# Domenic Denicola (6 years ago)

On Dec 28, 2012, at 11:54, "David Herman" <dherman at mozilla.com> wrote:

On Dec 28, 2012, at 8:32 AM, Domenic Denicola <domenic at domenicdenicola.com> wrote:

Dave and Sam may have a different answer, but I'd answer that the aliasing semantics follows from a module system's role as (among other things) a name spacing mechanism.

This idea of modules as namespaces is a very interesting one I hadn't considered. My experience is with C++/C# namespaces, and with ES5 modules. With only this experience, the two concepts seem worlds apart. Are there other precedents where something by the name of "modules" acts like C++/C# namespaces, e.g. Ruby or Python?

There are indeed. Scheme and ML are examples. (Erlang and Haskell aren't really relevant since their bindings are immutable.)

If not, perhaps the feature should be renamed to avoid confusion?

The word "namespace" flies around with many meanings -- you won't get very far arguing about its true meaning. But in terms of language features, ES6 modules are far closer to the historical precedent of language features known as "modules" rather than language features known as "namespaces."

Ok, I feel a bit better. It might be worth debating which "history" the messaging should be based on, i.e. more academic or functional languages vs. ones ES5 programmers are familiar with. But this is not that important; it's just messaging.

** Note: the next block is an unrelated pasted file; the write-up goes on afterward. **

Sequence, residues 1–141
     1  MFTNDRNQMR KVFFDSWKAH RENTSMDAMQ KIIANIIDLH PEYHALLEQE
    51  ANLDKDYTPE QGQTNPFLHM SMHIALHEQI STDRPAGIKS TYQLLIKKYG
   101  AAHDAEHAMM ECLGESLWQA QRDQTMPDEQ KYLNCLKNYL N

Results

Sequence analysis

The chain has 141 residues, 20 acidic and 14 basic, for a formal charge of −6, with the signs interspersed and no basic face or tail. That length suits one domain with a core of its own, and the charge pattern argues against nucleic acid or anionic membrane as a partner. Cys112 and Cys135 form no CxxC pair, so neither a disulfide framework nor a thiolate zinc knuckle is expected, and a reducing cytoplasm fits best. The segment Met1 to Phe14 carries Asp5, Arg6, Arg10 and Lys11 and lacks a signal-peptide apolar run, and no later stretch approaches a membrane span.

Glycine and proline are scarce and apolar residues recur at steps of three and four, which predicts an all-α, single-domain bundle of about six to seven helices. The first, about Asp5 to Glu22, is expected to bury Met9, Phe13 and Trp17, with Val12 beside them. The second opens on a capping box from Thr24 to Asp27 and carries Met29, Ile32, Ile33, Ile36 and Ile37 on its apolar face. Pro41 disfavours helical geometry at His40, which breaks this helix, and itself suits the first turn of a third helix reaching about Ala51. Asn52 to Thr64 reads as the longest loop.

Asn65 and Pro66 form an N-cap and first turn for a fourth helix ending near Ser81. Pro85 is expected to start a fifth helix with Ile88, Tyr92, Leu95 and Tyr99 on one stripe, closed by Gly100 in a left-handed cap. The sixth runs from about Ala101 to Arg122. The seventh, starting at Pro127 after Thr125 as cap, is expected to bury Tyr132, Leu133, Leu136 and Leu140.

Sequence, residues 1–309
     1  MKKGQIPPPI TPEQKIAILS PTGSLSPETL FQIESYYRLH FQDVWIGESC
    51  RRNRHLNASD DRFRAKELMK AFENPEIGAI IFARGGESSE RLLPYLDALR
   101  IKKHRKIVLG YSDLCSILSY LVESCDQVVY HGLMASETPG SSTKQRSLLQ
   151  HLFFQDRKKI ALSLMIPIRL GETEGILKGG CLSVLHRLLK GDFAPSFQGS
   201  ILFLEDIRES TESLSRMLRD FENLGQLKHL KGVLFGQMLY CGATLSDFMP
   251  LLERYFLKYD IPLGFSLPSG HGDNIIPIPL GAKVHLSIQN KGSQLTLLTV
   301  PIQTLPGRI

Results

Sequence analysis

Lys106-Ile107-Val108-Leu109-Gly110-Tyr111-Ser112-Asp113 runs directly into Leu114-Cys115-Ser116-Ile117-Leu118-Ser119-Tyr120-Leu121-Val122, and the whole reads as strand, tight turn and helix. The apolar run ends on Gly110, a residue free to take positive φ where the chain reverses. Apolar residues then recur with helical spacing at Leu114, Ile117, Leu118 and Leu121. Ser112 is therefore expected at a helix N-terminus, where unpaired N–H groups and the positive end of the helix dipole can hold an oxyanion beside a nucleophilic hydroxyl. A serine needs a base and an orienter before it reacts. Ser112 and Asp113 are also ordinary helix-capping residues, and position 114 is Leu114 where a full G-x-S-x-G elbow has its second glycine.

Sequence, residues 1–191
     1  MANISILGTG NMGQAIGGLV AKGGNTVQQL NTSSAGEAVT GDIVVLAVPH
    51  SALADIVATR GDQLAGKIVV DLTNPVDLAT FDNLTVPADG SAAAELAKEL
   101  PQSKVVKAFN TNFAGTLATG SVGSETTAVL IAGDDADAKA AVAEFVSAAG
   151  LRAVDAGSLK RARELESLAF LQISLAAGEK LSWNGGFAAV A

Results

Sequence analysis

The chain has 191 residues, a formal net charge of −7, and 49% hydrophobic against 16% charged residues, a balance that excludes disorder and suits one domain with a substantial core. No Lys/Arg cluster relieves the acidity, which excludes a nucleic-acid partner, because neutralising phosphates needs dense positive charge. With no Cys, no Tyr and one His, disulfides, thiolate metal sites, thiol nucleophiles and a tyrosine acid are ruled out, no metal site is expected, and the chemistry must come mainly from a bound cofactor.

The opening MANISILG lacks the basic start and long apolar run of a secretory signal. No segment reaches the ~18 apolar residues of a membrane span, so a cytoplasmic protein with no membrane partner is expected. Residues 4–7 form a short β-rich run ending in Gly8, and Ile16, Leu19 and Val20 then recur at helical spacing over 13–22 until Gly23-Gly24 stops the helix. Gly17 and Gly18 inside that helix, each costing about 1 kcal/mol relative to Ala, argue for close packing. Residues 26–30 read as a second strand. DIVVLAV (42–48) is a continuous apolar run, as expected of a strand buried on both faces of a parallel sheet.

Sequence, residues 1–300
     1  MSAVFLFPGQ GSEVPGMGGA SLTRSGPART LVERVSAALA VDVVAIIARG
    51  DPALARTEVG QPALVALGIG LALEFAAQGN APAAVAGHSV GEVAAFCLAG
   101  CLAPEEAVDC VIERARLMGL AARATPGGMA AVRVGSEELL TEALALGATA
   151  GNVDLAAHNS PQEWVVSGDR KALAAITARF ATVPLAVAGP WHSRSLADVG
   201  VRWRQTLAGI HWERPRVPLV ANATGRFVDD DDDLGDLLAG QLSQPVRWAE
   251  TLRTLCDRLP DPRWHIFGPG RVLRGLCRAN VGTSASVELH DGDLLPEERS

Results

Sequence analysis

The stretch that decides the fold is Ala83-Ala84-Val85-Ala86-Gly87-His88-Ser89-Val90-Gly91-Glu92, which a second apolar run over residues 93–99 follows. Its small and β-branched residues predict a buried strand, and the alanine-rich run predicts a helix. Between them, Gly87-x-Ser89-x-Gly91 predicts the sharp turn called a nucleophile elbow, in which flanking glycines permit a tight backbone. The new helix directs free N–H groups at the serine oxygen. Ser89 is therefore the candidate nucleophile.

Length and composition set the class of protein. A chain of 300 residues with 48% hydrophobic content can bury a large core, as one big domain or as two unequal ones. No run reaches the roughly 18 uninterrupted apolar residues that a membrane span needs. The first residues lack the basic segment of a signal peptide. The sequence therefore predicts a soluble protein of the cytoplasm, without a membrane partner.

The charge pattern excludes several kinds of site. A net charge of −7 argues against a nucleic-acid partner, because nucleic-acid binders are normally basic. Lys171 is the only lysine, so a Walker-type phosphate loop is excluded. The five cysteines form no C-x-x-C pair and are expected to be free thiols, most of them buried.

You could argue that "most" ES programmers aren't using modules today, so preserving the intuitions of and making refactoring easier for that minority isn't valuable. You might be correct, but I think the most avid early adopters who will drive ES6 forward are precisely the ones using ES5 modules. Furthermore, many of those not using modules are using "namespaces" via global object hierarchies, which (without with) have no aliasing properties.

The aliasing isn't observable for immutable bindings, only for mutable ones. In my experience, all of the module exports I've seen from NPM modules I've used were immutable.

This is amusingly tied to the single-export question. I.e. module.exports = produces a single immutable export (with mutable properties, see e.g. npm.im/glob), but all exports.foo = exports are mutable. Nobody does Object.defineProperty(exports, "foo"', ...) really. So most exports in npm are immutable… but maybe not for the reason you'd expect.

# David Herman (6 years ago)

On Dec 28, 2012, at 9:12 AM, Andreas Rossberg <rossberg at google.com> wrote: